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Friday 22 August 2014

Department of Finance: No changes in law to allow banks hike charges without Central Bank green light

Charlie Weston

Published 14/02/2014 | 11:37

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The Central Bank - statistics released show people are paying back more than they are borrowing.
The Central Bank - statistics released show people are paying back more than they are borrowing.

THE law will not be changed to allow banks increase consumer charges without Central Bank permission, the Department of Finance has decided.

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At the moment under the Consumer Credit Act banks have to apply to the regulators in the Central Bank if they want to imposed higher fees and charges on consumers for banking services.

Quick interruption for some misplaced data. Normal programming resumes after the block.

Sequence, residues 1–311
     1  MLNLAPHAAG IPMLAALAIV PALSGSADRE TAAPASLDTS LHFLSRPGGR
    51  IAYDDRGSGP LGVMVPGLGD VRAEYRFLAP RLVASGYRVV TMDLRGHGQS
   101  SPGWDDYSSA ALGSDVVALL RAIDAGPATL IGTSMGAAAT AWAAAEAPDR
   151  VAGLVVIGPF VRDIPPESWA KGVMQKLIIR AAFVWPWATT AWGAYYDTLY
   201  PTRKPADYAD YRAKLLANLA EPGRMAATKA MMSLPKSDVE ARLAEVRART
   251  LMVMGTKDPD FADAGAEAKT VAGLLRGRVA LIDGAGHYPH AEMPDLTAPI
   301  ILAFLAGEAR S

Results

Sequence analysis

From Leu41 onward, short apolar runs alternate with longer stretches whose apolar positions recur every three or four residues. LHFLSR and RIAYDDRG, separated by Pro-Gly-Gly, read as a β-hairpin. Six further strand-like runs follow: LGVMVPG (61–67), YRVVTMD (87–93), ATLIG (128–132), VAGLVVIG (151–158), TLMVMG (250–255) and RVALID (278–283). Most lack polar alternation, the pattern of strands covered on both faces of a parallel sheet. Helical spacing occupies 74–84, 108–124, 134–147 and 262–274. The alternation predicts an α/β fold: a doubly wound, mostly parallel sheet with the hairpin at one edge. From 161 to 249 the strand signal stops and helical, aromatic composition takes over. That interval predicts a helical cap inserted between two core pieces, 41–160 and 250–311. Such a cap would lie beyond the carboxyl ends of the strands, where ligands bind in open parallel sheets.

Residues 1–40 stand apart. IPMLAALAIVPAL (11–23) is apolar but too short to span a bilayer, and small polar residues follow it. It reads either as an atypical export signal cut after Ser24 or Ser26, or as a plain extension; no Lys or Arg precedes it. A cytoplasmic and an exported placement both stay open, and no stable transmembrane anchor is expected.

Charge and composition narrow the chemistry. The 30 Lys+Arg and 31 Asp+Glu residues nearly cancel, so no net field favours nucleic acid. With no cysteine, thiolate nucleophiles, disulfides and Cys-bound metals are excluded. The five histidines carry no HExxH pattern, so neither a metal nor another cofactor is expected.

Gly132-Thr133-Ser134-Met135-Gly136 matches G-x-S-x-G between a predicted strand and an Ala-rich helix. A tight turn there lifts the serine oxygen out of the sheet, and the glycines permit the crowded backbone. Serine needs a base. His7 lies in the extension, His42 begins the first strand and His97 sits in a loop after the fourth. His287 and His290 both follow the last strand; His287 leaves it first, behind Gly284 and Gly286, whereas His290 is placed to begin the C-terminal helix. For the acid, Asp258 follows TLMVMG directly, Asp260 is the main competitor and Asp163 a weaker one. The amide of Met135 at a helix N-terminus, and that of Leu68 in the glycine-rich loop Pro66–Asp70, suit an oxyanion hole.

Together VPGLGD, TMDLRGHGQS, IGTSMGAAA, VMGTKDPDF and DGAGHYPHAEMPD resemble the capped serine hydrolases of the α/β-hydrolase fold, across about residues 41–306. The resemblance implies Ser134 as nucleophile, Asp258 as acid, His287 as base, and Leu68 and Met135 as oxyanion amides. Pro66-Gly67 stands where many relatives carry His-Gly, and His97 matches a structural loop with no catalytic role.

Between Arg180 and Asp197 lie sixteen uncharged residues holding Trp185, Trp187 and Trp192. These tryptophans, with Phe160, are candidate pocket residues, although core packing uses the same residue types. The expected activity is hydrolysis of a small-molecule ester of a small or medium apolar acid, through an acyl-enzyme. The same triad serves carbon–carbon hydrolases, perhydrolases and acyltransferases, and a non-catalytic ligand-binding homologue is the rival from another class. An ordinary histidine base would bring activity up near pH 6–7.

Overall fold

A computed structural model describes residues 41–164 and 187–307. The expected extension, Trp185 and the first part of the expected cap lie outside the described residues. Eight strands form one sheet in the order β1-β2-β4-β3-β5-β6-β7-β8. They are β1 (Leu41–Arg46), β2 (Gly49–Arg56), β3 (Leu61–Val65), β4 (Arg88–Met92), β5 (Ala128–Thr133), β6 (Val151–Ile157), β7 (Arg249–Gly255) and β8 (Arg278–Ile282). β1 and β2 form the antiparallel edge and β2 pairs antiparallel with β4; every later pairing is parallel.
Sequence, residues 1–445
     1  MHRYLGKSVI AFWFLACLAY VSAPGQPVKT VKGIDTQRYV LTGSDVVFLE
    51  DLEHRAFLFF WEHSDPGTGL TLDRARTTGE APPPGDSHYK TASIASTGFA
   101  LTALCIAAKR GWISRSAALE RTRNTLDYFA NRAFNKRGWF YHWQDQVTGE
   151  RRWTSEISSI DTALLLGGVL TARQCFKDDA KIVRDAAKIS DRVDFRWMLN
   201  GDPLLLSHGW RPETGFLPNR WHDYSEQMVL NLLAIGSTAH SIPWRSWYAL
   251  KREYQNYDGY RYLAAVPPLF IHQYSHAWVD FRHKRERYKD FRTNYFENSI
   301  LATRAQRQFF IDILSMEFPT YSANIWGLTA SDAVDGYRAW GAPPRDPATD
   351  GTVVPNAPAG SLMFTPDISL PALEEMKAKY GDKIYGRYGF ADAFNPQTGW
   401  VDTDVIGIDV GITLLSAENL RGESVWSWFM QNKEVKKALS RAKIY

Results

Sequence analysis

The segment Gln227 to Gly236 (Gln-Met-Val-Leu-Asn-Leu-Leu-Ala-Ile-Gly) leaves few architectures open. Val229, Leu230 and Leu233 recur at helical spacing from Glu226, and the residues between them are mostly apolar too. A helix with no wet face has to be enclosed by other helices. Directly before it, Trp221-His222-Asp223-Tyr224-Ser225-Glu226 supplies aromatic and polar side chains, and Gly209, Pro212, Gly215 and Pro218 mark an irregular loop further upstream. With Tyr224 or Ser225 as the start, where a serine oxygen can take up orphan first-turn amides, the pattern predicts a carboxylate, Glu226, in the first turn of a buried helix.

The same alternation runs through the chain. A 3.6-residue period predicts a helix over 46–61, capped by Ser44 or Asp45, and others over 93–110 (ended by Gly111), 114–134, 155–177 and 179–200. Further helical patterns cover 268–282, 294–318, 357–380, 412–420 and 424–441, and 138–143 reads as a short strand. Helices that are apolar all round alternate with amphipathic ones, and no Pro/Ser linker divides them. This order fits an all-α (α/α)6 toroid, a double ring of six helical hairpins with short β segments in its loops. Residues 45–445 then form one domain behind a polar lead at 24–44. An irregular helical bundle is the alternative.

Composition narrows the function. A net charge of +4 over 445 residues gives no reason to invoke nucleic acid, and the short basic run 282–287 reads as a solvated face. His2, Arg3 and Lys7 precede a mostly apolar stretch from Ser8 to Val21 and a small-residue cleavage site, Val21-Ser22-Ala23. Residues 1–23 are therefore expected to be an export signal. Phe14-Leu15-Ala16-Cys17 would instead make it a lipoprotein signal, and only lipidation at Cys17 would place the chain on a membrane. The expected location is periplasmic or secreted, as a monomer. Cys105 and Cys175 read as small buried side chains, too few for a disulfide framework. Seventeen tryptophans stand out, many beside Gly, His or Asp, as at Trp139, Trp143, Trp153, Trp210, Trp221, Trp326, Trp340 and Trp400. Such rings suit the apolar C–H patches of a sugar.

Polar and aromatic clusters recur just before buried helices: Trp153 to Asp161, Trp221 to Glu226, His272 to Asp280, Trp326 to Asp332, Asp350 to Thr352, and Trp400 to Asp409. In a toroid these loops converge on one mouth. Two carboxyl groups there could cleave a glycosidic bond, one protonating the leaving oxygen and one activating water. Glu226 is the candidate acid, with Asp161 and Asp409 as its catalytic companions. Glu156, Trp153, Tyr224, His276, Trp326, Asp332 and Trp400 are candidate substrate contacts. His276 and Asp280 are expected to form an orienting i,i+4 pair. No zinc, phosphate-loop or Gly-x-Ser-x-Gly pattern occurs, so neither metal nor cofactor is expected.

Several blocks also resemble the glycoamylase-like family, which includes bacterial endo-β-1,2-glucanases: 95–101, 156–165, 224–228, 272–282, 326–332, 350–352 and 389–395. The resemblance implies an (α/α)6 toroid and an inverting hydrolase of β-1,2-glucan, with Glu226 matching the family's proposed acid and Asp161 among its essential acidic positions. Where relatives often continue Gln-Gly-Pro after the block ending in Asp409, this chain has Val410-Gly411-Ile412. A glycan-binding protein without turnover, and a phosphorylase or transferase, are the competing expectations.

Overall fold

AIB, Bank of Ireland and the Irish Banking Federation wanted this requirement changed.

But the Department of Finance published a review of the issue this morning and said this was not the right time to give banks freedom to set their own fees.

The Government had promised to review so-called Section 149 of the Consumer Credit Act after being asked to do so by the bail-out troika.

“The main conclusion of the review is that it would not be appropriate to repeal Section 149 at this point in time,” the department said.

“The lack of competition in the banking sector means that the removal of section 149 would give unfettered price setting power to the incumbent banks. However, this conclusion should be revisited when competition in the banking sector has improved.”

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